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03-19-03, 07:04 AM
Norfolk Virginian-Pilot

March 18, 2003

Plain-Spoken Gunnery Sergeant Keeps His Marines Sharp

By Dennis O'Brien, The Virginian-Pilot

CAMP SHOUP, KUWAIT -- Gunnery Sgt. Russell Strack loves to talk -- when he
isn't yelling. Comes with the job, he says.

"I yell at people," Strack said. "But I play nice with others most of the
time -- which might be a surprise to some people, who think I'm a jerk."

It is not uncommon for Strack to launch into a 30-second screed, pausing
only to spit. But truth be known, most of the men in Task Force Tarawa get
along with "Gunny" Strack just fine.

As the company "gunny," Strack is the unit's top enlisted disciplinarian.
First Sgt. Michael Sprague outranks Strack, but the first sergeant's role is
more good cop to the gunny's bad cop.

Aside from helping instill discipline, Strack's main job in this desert camp
in northern Kuwait is to ensure that this light armored reconnaissance
company has adequate supplies -- "Beans, bullets and Band-Aids," he said.
Strack is responsible for everything from MREs -- meals ready to eat -- to
high explosives to helmet-mounted flashlights. If and when the shooting
starts, it will be Strack's job to shuttle ammunition, fuel and other
supplies through "Indian Country" -- enemy territory not yet occupied by
American troops.

Strack is a character, seemingly straight out of central casting. The
skinny, 6-foot-2 Baltimore native carries a dented can of Old Bay -- which
he puts on everything, even bread and butter. He talks fast enough when he's
relaxed, but when excited, or competing for air time to tell a story, the
words fly like machine gun rounds.

Even by Marine Corps standards, Strack is pretty hardcore. That scar on his
chin? It's from a gash he stitched up with his sewing kit. That cute
daughter of his, who turns 4 on Wednesday? When she was born at the Camp
Pendleton Naval Hospital, he had special shirts made up that say "Property
of the U.S. Marine Corps," because he didn't want his newborn wearing
anything that said "Property of the U.S. Navy," which were the
standard-issue newborn jammies.

And he wanted to name her Marie Cora -- say it fast, and what does it sound
like? Strack lost that battle, sort of. His daughter's full name is Hannah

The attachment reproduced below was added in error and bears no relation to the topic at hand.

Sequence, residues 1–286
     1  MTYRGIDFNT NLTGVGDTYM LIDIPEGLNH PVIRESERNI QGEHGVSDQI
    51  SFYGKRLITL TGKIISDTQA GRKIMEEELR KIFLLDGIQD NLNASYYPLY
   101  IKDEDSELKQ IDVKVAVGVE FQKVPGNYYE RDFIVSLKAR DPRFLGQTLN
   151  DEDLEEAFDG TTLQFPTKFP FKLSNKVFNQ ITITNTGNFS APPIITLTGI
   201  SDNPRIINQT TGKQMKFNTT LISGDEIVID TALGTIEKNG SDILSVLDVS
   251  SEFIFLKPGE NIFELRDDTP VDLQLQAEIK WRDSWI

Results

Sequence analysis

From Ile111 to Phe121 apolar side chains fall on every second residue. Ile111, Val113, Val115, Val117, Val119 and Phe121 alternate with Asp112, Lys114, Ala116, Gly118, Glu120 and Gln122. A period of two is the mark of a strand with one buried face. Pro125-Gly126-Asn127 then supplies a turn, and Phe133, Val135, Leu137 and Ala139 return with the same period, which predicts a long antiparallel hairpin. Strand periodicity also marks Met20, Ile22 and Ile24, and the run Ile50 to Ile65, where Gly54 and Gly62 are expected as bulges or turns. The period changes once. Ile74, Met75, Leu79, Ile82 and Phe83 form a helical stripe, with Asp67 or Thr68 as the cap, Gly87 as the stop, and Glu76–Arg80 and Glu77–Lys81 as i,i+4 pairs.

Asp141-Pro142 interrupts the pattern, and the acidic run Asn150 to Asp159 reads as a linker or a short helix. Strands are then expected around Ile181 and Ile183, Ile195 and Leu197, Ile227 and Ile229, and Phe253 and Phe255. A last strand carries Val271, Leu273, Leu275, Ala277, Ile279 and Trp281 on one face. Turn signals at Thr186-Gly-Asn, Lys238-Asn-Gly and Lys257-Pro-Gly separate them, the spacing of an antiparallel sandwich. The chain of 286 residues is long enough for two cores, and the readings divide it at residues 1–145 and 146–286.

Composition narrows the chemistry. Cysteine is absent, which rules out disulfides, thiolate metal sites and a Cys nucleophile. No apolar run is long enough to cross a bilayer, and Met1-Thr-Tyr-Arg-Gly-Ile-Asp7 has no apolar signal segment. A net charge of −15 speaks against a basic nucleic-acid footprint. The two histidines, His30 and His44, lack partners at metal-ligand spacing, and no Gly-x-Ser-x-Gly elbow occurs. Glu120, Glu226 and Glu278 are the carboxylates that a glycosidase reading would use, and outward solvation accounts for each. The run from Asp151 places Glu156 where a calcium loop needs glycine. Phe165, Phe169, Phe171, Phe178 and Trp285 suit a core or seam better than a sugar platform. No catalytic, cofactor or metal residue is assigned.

Marie Cora Strack.

"I came in the Marine Corps and found something to believe in," Strack said.

"Some people think of it as a job, but I think of it like it's a calling."

Now, in his 18th year as a Marine and with retirement not too far away,
Gunny wants to become a teacher.

"I don't want to teach them what to think, but how to look at the facts and
form their own opinions," he said.

But teachers get to do a lot of talking, and does Strack love to talk.

His favorite conversation topics are military history to politics, but his
knowledge -- and opinions -- know no boundaries. A recent care package from
his wife, Megan, included a slew of political journals, from which Gunny
will draw fuel for conversations in the weeks to come.

Gunny is a conservative, like many Marines, and discussions often are more a
chorus than a debate. He grew up having regular arguments with his dad, a
Marine Corps veteran of Vietnam.

"My dad made me a Republican. He taught me all the values I have, which are
conservative, and still every time he votes Democratic," Strack said. "It
drives me crazy."

Ask him about cigars, and Strack will wax at length about the keys to
successful tobacco crops in certain years. It depends on the soil and the
weather, he says, although a fire in Honduras once left the subsequent
year's crop with a wonderful "smokey" taste. Cuba, of course, makes the best
cigars, he says. And if you're looking for a relatively good, cheap cigar,
try the Padron 2000s -- a box of 25 costs about $80.

Unfortunately, on this morning, Strack has a bad cigar in his hands.
Included in a care package from home, it sat too long in the heat somewhere.

"Look at this, the leaf's so dry you can't even smoke it!" Strack said,
spitting out a piece that was stuck to his lip. Still, he smokes it anyway.
Strack is a walking reference book on U.S. and Iraqi weaponry. He can recite
the effective ranges of enemy guns, and where on enemy armored vehicles the
company's gunners should target their 25mm rounds. During the monthlong
voyage to Kuwait, he led classes on the identification, strengths and
weaknesses of enemy and allied vehicles each night aboard the amphibious
assault ship Kearsarge.

"Oh, don't get me started on armor," Strack said. "It's not just my job,
it's my hobby. Studying that stuff is how I spend my time off."

He can rattle off details about the Iraqi forces, types and characteristics
of Iraqi tanks, who built Iraqi armored scout vehicles -- this scout
company's arch enemy -- and the availability of enemy repair parts.
If a war starts, Strack might wind up having to dodge those Iraqi scouts in
his own lightly armored reconnaissance vehicle. It's dangerous work, but
then again, so is every other job out here, he says.

"If people just focus on doing their jobs and accomplishing their mission,
then we'll all get back home fine," Strack said. "And my job is to get my
Marines what they need to do their jobs and to bring all my Marines home."
Staff writer Dennis O'Brien is with Task Force Tarawa in northern Kuwait. He
has been with the Camp Lejeune, N.C.-based Marines since they left the coast
of North Carolina in mid-January.

Semper Fidelis
R.W. "Dick" Gaines
GySgt USMC (Ret.)
Gunny G's Old Salt Marines Tavern
Sites & Forums!

03-19-03, 08:24 PM
(Pic-GySgt Strack)


Semper Fidelis
R.W. "Dick" Gaines
GySgt USMC (Ret.)
Gunny G's Old Salt Marines Tavern
Sites & Forums!